FEBRUARY 28, 1941
WASHINGTON, Thursday—Today I shall tell you a little about the work of the United States Committee for the Care of European Children, which I visited yesterday. I wonder if people realize that these children, even when they are in the homes of foster parents, are watched over by agencies in various parts of the country, chosen by the United States Children Bureau. Sometimes these agencies are state agencies, sometimes they are private ones, but they always come up to a high standard set by the Children's Bureau and our guests from overseas are safe in their care.
No matter how careful they are in a choice of a home, however, a child does not always adjust and there is friction between the members of the household. In that case, the agency tries to find another home in which a happier adjustment can be made. Occasionally, people undertake a responsibility without realizing quite what it means when they face it day in and day out. Financial changes occur, problems arise within the family and necessitate changes. All these are part of the responsibility assumed by the United States Committee.
The United States Committee in many cases assumes financial responsibility for the children and must keep a skeleton staff and continue to raise a steady income. For the time being, no effort is being made to bring over children from England, but there are children arriving on various steamers, sometimes entirely unaccompanied. The United States Committee is notified, meets them, and arranges for reception care until they are placed in a home in this country. It may be possible to bring some children from Lisbon. These children are either now in Lisbon awaiting passage, or agencies hope to bring them over in small groups. They are largely refugee children of many nationalities from unoccupied France.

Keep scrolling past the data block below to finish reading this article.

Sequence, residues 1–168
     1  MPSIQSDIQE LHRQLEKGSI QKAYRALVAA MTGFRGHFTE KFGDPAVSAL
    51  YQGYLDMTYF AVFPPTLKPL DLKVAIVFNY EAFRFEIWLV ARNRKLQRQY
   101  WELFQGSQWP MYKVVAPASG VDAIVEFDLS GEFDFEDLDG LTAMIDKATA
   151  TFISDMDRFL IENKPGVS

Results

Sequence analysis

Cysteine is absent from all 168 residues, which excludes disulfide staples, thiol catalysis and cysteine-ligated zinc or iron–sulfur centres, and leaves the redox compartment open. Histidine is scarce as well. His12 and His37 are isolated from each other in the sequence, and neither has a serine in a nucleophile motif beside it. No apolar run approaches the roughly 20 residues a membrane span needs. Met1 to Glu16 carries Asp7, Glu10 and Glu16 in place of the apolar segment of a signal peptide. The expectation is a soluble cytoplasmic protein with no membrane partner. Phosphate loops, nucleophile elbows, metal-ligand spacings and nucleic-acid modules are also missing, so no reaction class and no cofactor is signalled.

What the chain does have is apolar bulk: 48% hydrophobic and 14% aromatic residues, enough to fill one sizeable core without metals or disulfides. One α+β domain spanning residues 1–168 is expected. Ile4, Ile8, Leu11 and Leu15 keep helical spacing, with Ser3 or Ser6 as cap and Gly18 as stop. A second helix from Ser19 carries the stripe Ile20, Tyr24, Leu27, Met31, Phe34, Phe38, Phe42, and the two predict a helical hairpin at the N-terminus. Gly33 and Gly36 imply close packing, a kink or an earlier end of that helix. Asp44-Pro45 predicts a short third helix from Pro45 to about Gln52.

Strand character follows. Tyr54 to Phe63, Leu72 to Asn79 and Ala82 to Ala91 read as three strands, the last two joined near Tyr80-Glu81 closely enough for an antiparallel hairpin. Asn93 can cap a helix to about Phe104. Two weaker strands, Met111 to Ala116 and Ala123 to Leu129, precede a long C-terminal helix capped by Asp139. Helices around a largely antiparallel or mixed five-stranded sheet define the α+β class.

I was surprised to learn the other day that there are still five hundred children with their parents in concentration camps in unoccupied France. The Red Cross is trying to help these children. Some of them may eventually find their way to our shores, as well as others who can no longer be cared for in France by individuals and groups there. It seems to me that every child saved is just one more life for which to be thankful. I hope that the United States Committee for the Care of European Children will continue to do its work with the same success that it has had so far.
I lunched with Dr. Dearborn, some of the faculty of New York University Extension Service and some of the educational people from the CCC camps in the corps areas in New York City yesterday. Their reading clinic of the University has conducted an experiment in one of the CCC camps in this area which reveals uncorrected eye defects in a great many of these boys and certain facts about their reading ability which point to some needed changes in our educational system. I was very much interested in the reading clinic and think many of us would profit by a course taken there.